Reconciliation Action Plan - Our City and its people

With a population of more than 252,000 people, the City of Greater Geelong is Victoria’s largest regional municipality.

Located 75 kilometres south west of Melbourne, the City of Greater Geelong municipality covers an area of 1,252 square kilometres, comprising suburban, coastal and country areas.

Our staff are currently based in seven central Geelong offices. Greater Geelong is bounded by the Moorabool Shire and Wyndham City Council in the north; the Borough of Queenscliffe in the east; the Surf Coast Shire and Golden Plains Shire in the west; and Bass Strait to the south.

The region is characterised by the iconic waterfront overlooking Corio Bay, the picturesque Bellarine Peninsula, the Barwon River, You Yangs Regional Park, wetlands, beautiful parklands and wildlife sanctuaries.

Geelong is also the gateway to the world-renowned coastline of south-west Victoria via the Great Ocean Road.

The Traditional Owners of the land, the Wadawurrung People, have lived in the Geelong region for more than 25,000 years, occupying a territory of 10,000 square kilometres.

Population profile

The City of Greater Geelong’s population continues to grow, with an estimated 2018 resident population of 252,217. With more than 50 suburbs and townships, the population is predicted to reach 393,216 by 2041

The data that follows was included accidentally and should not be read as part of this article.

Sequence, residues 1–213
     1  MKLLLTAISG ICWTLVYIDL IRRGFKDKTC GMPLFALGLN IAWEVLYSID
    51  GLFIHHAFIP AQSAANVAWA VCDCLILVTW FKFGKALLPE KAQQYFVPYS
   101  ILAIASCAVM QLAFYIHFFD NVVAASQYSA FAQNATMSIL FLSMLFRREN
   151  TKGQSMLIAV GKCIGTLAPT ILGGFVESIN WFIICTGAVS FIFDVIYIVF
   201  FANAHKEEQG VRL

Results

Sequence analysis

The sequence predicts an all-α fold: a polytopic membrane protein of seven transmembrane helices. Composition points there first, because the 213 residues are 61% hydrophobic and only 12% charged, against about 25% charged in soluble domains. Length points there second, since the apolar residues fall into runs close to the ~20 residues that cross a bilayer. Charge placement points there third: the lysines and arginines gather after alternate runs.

The City of Greater Geelong has the largest population of Aboriginal and Torres Strait Islander people in any local government area in Victoria, with an Aboriginal and Torres Strait Islander population of one percent (ABS 2016). This is larger than Greater Melbourne with 0.5 percent or Victoria with 0.8 percent of the population.

Across Australia Aboriginal and Torres Strait Islander Peoples make up 2.8 percent of the total population.


The City of Greater Geelong is one of the largest employers in the region, employing 2,647 people including 10 Aboriginal and/or Torres Strait Islander staff.

Over the last decade Aboriginal and/or Torres Strait Islander staff have been employed in the areas of Healthy Communities, People and Culture, Child and Family Services, Recreation and Leisure, Youth Development and Engineering.

Page last updated: Monday, 17 January 2022